What is Mother Ayahuasca?
Are you wondering, ‘What is Mother ayahuasca?’ Ayahuasca has several definitions: a spirit, a plant, a psychedelic, a hummingbird spirit, a grandmother spirit, a jaguar spirit, and many more. Ayahuasca is not just one thing—we call her mother ayahuasca because she teaches us like a loving parent.
The ayahuasca brew has been used traditionally by indigenous peoples in the Amazon region for spiritual and medicinal purposes. It has gained popularity in recent years among people seeking to explore its effects on personal growth and healing. Most people know mother ayahuasca as a psychedelic.
Psychedelics are a class of substances that can alter our minds and consciousness. Classic psychedelics disrupt neural activity by diffusing through the brain and activating a serotonin receptor known as the 5-HT2A receptor.
Psychedelics alter our mood, perception, and consciousness in ways that can otherwise only be experienced in certain dream states or through religious practice, trance, meditation, and deep breathing. This state is not easily achieved, and its effects are transformative.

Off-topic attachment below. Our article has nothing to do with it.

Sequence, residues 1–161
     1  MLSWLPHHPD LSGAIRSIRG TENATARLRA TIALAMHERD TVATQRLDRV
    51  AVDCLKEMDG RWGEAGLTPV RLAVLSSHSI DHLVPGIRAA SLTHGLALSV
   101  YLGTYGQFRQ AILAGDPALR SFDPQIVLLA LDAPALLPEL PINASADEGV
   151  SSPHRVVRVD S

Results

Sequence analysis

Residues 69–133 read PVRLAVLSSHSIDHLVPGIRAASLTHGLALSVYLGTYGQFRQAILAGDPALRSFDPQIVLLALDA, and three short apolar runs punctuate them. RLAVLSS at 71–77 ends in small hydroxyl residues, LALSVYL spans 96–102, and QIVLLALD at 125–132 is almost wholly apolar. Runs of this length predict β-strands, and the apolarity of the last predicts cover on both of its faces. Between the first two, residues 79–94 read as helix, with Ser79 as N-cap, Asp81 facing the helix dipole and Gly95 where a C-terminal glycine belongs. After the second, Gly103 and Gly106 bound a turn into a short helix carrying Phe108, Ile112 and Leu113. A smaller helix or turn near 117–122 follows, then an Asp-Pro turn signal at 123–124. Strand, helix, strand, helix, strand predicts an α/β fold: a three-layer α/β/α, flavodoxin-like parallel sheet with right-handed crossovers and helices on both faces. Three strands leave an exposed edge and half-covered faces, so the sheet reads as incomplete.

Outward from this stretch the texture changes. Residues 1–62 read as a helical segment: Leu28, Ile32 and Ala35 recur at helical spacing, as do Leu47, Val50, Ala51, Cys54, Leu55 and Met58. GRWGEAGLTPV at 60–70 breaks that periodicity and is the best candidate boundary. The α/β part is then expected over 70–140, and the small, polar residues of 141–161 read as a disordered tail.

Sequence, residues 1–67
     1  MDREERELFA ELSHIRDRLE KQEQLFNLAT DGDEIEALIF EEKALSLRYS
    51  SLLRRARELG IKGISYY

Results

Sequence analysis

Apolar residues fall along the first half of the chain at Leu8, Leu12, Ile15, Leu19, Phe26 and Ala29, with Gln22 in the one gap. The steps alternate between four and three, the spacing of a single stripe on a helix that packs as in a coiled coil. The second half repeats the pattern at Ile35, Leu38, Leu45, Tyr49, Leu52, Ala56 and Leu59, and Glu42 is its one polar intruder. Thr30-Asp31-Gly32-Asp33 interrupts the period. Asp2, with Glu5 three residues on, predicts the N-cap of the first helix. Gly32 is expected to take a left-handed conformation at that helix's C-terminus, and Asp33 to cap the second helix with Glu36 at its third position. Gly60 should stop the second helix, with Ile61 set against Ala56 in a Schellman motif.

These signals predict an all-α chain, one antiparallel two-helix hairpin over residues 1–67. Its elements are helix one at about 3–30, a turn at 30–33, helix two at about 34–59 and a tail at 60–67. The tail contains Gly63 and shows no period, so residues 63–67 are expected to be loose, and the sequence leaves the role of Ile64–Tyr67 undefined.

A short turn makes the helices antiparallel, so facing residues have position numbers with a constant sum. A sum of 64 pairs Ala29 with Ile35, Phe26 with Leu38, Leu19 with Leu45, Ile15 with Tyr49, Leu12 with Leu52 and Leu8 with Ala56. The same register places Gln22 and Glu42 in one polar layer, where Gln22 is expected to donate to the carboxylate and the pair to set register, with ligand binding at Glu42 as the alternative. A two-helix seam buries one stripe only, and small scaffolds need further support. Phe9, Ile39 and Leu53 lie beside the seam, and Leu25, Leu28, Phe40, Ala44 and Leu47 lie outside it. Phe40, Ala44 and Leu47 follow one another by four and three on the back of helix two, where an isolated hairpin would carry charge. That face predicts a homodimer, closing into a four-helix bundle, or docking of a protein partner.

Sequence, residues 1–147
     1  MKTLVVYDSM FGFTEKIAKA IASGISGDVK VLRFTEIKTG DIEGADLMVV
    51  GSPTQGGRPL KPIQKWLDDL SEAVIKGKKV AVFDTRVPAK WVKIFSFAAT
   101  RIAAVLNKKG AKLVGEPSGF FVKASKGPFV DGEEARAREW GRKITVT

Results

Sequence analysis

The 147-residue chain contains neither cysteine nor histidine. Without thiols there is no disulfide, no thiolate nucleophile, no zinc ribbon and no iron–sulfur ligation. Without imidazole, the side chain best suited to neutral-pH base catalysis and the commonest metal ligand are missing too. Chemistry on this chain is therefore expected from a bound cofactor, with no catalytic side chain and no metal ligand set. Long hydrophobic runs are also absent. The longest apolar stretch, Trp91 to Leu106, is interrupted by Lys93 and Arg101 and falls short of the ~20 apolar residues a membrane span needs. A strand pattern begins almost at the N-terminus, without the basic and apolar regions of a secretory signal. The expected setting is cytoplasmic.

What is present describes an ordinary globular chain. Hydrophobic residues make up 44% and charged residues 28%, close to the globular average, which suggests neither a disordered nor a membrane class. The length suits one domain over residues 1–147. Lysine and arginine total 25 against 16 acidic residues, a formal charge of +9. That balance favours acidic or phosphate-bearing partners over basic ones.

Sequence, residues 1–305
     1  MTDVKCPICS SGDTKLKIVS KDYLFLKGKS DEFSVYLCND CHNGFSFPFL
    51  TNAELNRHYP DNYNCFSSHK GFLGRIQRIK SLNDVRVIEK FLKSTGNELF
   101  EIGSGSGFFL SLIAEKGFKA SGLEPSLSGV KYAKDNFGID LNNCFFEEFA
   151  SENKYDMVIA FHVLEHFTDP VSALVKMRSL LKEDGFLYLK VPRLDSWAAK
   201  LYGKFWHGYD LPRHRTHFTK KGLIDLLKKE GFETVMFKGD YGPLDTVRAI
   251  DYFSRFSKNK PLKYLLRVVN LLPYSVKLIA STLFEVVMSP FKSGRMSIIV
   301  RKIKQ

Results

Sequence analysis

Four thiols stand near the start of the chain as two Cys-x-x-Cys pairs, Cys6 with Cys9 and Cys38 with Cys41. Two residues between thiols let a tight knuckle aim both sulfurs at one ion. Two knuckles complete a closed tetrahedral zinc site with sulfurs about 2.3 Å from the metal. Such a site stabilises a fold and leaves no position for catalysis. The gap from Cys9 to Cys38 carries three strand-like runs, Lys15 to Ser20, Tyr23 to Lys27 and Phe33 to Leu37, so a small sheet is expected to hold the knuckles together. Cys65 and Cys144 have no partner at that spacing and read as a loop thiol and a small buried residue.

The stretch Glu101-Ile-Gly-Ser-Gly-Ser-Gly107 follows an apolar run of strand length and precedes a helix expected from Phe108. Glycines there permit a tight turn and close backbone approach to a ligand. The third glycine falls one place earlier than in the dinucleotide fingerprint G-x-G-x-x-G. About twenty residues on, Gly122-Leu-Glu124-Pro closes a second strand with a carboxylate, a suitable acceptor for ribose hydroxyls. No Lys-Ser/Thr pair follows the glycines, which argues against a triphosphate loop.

Psychedelics help awaken a connection to Source energy and let us drop the psychological baggage of the ego connected to trauma and low self-worth. Ayahuasca facilitates a connection to the spirit world and opens a portal to cosmic energy.
Psychedelics don’t cause users to become overly dependent on them. Compared to other drugs, there is almost no chance of getting addicted to them. These substances have shown promise in treating various mental conditions such as anxiety, depression, and addiction.
While research is still underway regarding these compounds, initial evidence has given much hope to people in the mental health research community.
What is Mother Ayahuasca Made of? DMT
Ayahuasca is a powerful plant medicine used for centuries by indigenous people in the Amazon basin for healing, spiritual exploration, and connection to the natural and spirit world. It is generally made from two plants: the ayahuasca vine (Banisteriopsis caapi) and the leaves of the Chacruna plant (Psychotria viridis). In some traditions, it’s mixed with other plants but always contains the psychedelic compound DMT.